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  • An Interview with Sean Phelan, PhD, MPH, on Stigma in Primary Care
November 30, 2020

An Interview with Sean Phelan, PhD, MPH, on Stigma in Primary Care

Type: Recognition Tags: Covid 19, Stigma, Education, Interview, Primary Care

This month's featured interview focuses on addressing stigma in primary care settings. This month the team spoke with Sean M. Phelan, PhD, MPH, Associate Professor of Health Services Research at Mayo Clinic in Rochester, MN in the Department of Health Sciences Research, Division of Health Care Policy and Research. Dr. Phelan is currently developing a curriculum for primary care trainees on overcoming stigma as a barrier to integrated behavioral health utilization.


What would you say are the key challenges to addressing stigma in primary care settings? 

Mental illness and substance use disorder stigma are both relevant to integrated behavioral health (IBH) care because they serve as barriers to patients disclosing behaviors or mental health concerns. These stigmas can be challenging to address because oftentimes patients attribute these conditions as a sign of weaknesses. It can be very difficult for many people to accept that they need resources and patients can often internalize negative stereotypes of behavioral health conditions. Add to that the public stigma about mental health and reactions they may anticipate from loved ones, and it makes sense that some would rather avoid the label that comes with it. One thing primary care providers can do is help patients understand the influence of external factors. That includes understanding and communicating to patients that mental illnesses and substance abuse disorders are diseases with complex causes: social, genetic, environmental; and are not signs of weakness or personal failure. And, that like other diseases, they may require treatment from health care professionals.   


Do you see any current opportunity to combat stigma in primary care? Do you have additional recommendations on how to do so?

I think the integrated behavioral health model can be an important tool for combatting the effects of stigma in primary care settings. For example, obesity stigma is a phenomenon I have studied extensively. Clinical recommendations state that primary care providers (PCPs) should screen for obesity and offer patients access to an intensive multicomponent behavioral weight loss program. Often, PCPs don’t have access to this resource so they feel they need to offer weight loss advice, which can result in patients feeling stigmatized.

I am working on a study now where we are finding that people who feel stigmatized in primary care are more likely to delay subsequent needed care and more likely to “doctor shop” for a new provider. Incorporating behavioral health into primary care presents an opportunity to address important mental health factors. This also allows the behavioral health conversation to shift to the specialist, which helps to preserve the trust that is important to a patient-primary care provider relationship.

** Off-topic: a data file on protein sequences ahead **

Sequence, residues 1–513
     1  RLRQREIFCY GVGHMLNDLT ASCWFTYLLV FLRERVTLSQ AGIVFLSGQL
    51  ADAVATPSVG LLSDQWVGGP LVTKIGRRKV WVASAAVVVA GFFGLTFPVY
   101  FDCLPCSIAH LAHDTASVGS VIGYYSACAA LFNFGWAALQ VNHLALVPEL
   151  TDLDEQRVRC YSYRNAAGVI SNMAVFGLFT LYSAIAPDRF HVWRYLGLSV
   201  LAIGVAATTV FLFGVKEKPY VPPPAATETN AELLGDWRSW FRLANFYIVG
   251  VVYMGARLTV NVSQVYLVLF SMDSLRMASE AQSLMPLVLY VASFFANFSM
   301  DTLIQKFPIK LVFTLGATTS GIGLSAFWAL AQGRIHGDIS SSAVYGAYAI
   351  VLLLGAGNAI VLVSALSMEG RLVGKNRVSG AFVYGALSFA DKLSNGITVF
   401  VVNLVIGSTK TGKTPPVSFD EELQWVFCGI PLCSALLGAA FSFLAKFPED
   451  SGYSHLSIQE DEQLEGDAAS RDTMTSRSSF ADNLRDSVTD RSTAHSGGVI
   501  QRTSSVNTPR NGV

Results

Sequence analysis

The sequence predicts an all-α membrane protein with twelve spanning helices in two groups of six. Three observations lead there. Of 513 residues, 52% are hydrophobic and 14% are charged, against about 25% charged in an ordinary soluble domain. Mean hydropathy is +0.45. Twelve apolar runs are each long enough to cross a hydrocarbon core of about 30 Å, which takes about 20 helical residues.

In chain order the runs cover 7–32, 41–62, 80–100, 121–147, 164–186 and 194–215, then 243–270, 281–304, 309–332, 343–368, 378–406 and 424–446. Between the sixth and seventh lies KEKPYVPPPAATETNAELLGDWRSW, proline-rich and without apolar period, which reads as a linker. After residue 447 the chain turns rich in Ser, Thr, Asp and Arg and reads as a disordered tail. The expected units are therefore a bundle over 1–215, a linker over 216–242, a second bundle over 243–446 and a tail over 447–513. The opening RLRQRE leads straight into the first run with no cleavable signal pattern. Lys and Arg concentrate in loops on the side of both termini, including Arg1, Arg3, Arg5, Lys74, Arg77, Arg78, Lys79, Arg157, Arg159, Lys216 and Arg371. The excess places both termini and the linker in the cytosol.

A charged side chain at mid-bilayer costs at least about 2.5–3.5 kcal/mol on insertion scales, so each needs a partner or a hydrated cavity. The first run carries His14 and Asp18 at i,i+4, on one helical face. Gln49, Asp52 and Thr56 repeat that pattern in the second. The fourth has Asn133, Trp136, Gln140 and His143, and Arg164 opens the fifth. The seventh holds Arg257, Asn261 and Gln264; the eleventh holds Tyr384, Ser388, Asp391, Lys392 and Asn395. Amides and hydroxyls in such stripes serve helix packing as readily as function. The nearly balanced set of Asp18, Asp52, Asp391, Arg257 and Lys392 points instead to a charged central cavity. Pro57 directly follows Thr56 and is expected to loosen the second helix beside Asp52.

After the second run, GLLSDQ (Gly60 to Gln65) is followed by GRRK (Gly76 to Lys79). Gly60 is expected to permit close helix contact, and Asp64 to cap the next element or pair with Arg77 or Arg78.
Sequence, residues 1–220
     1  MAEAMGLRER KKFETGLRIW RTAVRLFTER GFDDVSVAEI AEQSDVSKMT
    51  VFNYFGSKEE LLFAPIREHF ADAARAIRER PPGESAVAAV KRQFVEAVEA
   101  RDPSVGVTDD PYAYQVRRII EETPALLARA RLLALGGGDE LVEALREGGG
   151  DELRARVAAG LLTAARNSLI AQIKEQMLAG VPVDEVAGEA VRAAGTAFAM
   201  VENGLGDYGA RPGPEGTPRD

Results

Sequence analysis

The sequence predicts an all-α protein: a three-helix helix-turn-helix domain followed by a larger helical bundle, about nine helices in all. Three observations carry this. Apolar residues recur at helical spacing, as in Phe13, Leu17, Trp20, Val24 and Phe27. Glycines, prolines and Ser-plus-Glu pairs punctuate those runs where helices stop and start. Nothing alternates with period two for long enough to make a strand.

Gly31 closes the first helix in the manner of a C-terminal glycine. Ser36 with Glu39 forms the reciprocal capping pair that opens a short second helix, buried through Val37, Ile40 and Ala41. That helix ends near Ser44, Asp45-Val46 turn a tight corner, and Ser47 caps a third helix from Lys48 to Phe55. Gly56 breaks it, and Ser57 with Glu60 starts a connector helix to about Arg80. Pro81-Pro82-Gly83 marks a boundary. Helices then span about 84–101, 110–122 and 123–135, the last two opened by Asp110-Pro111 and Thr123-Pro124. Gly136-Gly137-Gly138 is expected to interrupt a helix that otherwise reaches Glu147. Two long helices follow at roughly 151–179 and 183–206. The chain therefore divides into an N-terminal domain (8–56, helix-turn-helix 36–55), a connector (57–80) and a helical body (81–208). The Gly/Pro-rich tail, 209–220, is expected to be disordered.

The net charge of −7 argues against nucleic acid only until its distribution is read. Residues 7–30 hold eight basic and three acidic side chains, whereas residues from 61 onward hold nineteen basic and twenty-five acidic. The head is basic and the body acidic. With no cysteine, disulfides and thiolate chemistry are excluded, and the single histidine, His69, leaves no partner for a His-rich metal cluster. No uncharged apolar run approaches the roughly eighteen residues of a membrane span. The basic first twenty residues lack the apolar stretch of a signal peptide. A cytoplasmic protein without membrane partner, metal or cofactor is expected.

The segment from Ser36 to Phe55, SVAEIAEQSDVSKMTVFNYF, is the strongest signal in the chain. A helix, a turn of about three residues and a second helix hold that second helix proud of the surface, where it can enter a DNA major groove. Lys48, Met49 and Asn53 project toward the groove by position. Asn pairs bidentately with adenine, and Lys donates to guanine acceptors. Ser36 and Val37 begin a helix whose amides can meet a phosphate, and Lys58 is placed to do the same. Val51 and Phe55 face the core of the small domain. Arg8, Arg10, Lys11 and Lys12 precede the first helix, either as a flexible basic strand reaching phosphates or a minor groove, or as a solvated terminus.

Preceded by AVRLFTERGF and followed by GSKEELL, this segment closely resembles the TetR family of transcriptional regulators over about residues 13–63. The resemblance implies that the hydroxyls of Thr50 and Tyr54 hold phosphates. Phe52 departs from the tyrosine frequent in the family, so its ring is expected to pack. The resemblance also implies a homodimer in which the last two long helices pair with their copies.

Can you outline some strategies for teaching primary care learners about the impact of stigma on their patient care? Additionally, how can providers work to recognize their own biases?  

It varies depending on the type of bias. If the stigma is related to explicit biases and attitudes, then education about the complex causes of the condition can help reduce those explicit biases. This is because attribution is one important factor in determining how strongly a condition or characteristic is stigmatized. Primary care educators should focus on strategies that learners can use to overcome the influence of automatic biases on their behavior and the quality of care that they provide. For example, implicit biases are most likely to affect behavior when we are stressed or overwhelmed, so training learners in self-care strategies can help them focus on the individual rather than making assumptions. Additionally, having learners work in diverse communities can improve empathy and reduce anxiety about providing care to different populations. 

Additionally, medical educators should help learners confront their implicit biases by having them complete an Implicit Association Test focused on the specific stigmatized group of interest. I suggest doing this as part of an education program about what implicit bias is (the automatic associations that are created in our brains based on a lifetime of exposure to stereotypes and societal stigma) and what it is not (what someone REALLY thinks!) as well as strategies to overcome the effects of those biases on behavior. Leaving a trainee with the knowledge that they hold an implicit bias without a way to understand what that means will not allow them to develop away from these biases.

One thing that I and my collaborators find consistently in studies is that role modeling is strongly associated with learner biases and behaviors. The notion that the “hidden curriculum” of medical school has a powerful influence on students is not new, but the consistency with which we find that faculty role-modeling of discrimination in the form of derogatory comments or humor is associated with more negative implicit bias and explicit learner attitudes. This is one area that medical schools, residencies and other training programs should work to address.  


sean bio

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